Service mocking is a great way to help developers to get the feature ready for testing and for testers to get started to draft/model various test scenarios. Marcello Galhardo takes a different stand in this article by sharing and showcasing how to achieve testable code without the need for mocks.
Having different Unicode characters might cause an assertion to fail even when visually it looks identical. Saurabh Ranadive dives into one such use-case of “Non-Breaking Spaces” and how to solve it in Cypress automation testing. (Concept can be re-applied in the framework of your choosing.)
Getting started with API test automation with Playwright? This is a really nice 11-part series (Currently on part 6) by Butch Mayhew who also happens to be a Playwright Ambassador. So, bookmark this article to follow along.
Additionally, Pirasanth Jesugeevegan shows a way to integrate Jira into your automation framework to raise a bug ticket using Playwright.
If you happen to like Theater, you are gonna love this article by Rustam Niyazov teaching you all about TestNG by using how theater production works.
👏 kudos to Rustam Niyazov for coming up with this very interesting way of Learning.
There are many ways to manage and parametrized test data with JUnit. One such way is using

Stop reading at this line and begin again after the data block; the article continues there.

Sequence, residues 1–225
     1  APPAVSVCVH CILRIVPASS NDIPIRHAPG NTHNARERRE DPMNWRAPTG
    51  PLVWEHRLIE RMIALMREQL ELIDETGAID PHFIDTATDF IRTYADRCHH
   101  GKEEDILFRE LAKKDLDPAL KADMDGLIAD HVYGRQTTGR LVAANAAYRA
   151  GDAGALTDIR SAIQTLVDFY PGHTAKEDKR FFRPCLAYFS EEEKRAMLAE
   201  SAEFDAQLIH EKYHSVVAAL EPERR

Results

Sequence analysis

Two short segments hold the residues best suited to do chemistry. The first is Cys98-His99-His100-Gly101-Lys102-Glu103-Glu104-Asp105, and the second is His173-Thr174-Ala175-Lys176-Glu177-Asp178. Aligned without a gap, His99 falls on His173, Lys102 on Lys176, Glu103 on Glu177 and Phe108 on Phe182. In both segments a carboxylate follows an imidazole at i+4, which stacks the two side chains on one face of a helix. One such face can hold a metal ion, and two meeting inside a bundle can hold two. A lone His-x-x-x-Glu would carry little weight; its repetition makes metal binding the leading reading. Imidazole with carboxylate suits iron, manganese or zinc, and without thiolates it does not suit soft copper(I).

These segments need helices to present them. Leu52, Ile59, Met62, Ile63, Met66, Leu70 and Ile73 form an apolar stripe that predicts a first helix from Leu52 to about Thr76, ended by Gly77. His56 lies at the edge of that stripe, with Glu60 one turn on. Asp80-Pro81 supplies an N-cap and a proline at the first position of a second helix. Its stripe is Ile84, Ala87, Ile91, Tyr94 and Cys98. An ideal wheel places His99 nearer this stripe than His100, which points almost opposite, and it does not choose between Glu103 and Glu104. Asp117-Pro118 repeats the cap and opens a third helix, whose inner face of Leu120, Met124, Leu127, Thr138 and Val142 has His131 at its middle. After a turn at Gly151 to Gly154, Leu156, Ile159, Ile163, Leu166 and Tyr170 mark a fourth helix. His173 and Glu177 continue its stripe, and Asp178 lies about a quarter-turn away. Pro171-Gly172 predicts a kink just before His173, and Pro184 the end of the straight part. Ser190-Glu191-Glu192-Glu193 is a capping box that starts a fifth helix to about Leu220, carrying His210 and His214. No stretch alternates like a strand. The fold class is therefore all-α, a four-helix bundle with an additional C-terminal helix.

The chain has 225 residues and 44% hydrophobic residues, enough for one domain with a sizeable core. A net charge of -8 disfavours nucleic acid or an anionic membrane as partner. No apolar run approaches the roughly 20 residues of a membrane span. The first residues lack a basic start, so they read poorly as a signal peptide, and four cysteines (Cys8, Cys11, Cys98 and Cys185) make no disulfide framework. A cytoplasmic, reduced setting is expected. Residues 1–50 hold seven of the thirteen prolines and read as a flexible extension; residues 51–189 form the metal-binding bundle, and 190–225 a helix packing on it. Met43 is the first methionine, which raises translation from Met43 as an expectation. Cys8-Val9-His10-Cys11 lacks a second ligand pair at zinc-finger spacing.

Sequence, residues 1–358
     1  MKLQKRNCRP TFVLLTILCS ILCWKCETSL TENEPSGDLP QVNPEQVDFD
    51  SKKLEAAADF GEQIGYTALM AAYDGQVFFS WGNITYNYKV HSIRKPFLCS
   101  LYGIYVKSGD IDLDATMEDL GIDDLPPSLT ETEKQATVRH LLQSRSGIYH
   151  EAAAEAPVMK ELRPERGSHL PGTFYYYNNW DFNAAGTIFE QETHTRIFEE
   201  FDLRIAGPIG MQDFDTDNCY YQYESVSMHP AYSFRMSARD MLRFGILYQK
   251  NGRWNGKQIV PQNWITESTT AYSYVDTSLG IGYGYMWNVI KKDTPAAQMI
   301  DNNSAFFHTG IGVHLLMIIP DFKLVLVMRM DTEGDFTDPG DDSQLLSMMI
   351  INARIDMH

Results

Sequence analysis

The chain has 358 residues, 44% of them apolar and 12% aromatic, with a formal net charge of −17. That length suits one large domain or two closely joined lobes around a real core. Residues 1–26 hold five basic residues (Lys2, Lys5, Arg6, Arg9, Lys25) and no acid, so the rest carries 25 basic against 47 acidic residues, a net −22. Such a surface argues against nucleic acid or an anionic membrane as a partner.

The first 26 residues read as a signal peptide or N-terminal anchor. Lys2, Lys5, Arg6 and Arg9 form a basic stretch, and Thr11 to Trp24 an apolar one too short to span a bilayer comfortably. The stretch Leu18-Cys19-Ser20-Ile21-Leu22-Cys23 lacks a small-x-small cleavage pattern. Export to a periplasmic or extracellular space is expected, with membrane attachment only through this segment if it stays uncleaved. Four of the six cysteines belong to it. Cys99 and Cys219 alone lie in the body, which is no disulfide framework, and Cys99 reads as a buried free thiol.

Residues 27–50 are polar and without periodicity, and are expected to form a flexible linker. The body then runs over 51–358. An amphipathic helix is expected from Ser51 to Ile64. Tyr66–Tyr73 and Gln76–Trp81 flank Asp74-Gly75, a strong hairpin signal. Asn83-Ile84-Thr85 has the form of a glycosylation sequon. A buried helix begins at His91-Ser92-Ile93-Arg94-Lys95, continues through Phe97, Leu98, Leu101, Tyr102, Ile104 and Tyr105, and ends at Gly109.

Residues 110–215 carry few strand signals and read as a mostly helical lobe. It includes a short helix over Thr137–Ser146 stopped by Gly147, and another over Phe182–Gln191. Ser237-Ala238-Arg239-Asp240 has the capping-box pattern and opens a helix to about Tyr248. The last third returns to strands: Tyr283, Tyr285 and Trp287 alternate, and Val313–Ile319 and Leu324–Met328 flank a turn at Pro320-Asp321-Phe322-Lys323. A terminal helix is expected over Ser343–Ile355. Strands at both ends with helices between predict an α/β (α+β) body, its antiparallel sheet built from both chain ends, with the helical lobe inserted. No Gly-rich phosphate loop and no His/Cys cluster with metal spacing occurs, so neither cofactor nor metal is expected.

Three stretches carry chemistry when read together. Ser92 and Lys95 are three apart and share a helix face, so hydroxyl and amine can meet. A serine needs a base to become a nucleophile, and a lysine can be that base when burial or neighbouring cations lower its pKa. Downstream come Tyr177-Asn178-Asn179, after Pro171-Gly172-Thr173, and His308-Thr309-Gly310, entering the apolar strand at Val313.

➜ Read all curated stuff on Software Testing Automation.
We have learned much about simple SQL Injections in the past issues of the newsletter. But what the hack is “Time-Based” SQL Injections? vikram naidu provides a compressive overview in this article along with how to identify and extract data with Time-Based SQL Injection.
Screen readers are very helpful when you are doing accessibility testing. But do you know how Screen readers works internally? This is a very detailed article by R. Neill Hadder sharing how do Screen readers communicate with different browsers and what their tech looks like. Really interesting stuff.
And if you enjoy reading about this, you are sure to enjoy two more articles by R. Neill Hadder. Part 1 introduced accessibility APIs and the accessibility tree, and Part 2 provided a history lesson of how screen readers learned to cope with GUIs.
➜ Read all curated stuff on Accessibility Testing.
🛠️ Resources & Tools
ColorContrast.App — An online tool to check the contrast and accessibility of different color combinations based on WCAG or APCA standards. You can also simulate various forms of color blindness.
Sniffnet — A user-friendly network monitoring tool, built with Rust, to help you easily keep track of your Internet traffic.
Zeal — An offline documentation browser for software developers for Windows, Linux, and Mac, with support for docs for 200+ technologies.
📝 List of Software Testers
It's hard to find good articles, podcasts on Software Testing. Even hard to find people who create them. Are you also looking for amazing software testers to follow or read their content? check out this page dedicated to software testers.
Do you also create content around Software Testing? Submit yours here and I will add it to the list.
🎁 Bonus Content
📌 OTHER INTERESTING STUFF
⭐ LAST WEEK'S MOST READ
😂 And Finally,
Keep Smiling and have a fun week.